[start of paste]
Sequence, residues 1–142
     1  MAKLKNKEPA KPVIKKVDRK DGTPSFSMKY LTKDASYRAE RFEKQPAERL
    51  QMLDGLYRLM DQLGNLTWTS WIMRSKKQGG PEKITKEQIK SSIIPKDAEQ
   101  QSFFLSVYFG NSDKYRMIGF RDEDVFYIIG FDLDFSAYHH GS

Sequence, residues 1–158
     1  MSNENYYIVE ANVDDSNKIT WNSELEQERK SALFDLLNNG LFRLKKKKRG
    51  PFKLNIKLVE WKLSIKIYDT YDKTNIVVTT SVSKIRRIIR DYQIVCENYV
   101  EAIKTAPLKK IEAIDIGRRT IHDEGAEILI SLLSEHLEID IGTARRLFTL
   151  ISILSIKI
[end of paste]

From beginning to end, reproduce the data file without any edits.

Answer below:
Sequence, residues 1–142
     1  MAKLKNKEPA KPVIKKVDRK DGTPSFSMKY LTKDASYRAE RFEKQPAERL
    51  QMLDGLYRLM DQLGNLTWTS WIMRSKKQGG PEKITKEQIK SSIIPKDAEQ
   101  QSFFLSVYFG NSDKYRMIGF RDEDVFYIIG FDLDFSAYHH GS

Sequence, residues 1–158
     1  MSNENYYIVE ANVDDSNKIT WNSELEQERK SALFDLLNNG LFRLKKKKRG
    51  PFKLNIKLVE WKLSIKIYDT YDKTNIVVTT SVSKIRRIIR DYQIVCENYV
   101  EAIKTAPLKK IEAIDIGRRT IHDEGAEILI SLLSEHLEID IGTARRLFTL
   151  ISILSIKI